When explaining actionable knowledge, you mention that an organization must be nimble and individuals must be empowered to take action. Aside from the cost considerations you enumerate, are there cultural factors, management factors or other influences that set the stage for BI success?

For more on business intelligence programs

Read an excerpt on defining and using KPIs from Chapter 2, "The Value of Business Intelligence," from David Loshin's book Business Intelligence, Second Edition: The Savvy Manager's Guide.

Loshin: One aspect that I have advocated for a long time is envisioning the desired outcome of reporting and analyses as their results are fed into business processes. For example, it may be important to the CEO to monitor average hourly corporate sales across the company. However, what is the CEO going to do with that information? Is that CEO going to drill down into each region's, state's, county's or specific retail location's data to look for deviation from expectations? Probably not. Rather, for each corporate business objective, there are going to be specific individuals with specific roles and responsibilities in relation to deviation from expected outcomes for any operational measure.

At the same time, the C-level executive might take on the responsibility for monitoring those metrics that are relevant to the shareholders, or that impact perception in the market, or affect forward forecasting and planning. Performance measures are only useful when they inform decision making at the appropriate level. The culture must embrace actionable knowledge as a driver for making better decisions across the corporate hierarchy. That also suggests doing continuous reviews of the decisions made based on the output of the business intelligence framework and ensure that the outcomes are improving.

How can senior-level managers be convinced of the need for and value of BI technologies? Any tips for fostering executive buy-in?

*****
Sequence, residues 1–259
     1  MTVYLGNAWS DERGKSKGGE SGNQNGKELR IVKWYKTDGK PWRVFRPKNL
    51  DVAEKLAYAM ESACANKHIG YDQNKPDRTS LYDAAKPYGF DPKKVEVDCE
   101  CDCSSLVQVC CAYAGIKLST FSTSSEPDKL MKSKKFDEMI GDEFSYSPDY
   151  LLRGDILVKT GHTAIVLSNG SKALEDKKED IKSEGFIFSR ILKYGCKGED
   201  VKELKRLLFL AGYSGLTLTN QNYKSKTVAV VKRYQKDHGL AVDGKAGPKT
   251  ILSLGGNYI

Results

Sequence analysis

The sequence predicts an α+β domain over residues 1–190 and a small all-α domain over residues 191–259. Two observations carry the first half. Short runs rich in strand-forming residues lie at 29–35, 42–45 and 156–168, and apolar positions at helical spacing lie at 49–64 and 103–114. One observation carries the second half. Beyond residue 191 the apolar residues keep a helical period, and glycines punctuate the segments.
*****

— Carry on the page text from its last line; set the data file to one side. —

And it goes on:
Loshin: There is no better argument than success. There is often a chicken/egg problem with developing this business case, since the executives will want to be convinced of the value before committing to it. But, often, you need to commit resources to demonstrate value.

Our BI and analytics advisory practice has been developing some methods for bridging this gap to enable our clients' teams to rapidly experiment with different analyses to find a few that have potential while weeding out the many that probably won't lead to increased value. One example is what we call the "Customer Data Lab" -- a way of collecting customer data and applying a variety of analytical clustering and classification algorithms to look for segmentations that can be exploited for specific marketing campaigns.

Loosening some of the traditional requirements and creating a fast cycle is only doable in an environment in which the managers know that most of the experiments will not lead to increased value, but that doing many experiments may help find those few models that can be migrated into a more robust "productionalization" process for testing and evaluation.

Melanie Luna is managing editor of SearchBusinessAnalytics. Email her at [email protected], and follow us on Twitter: @BizAnalyticsTT.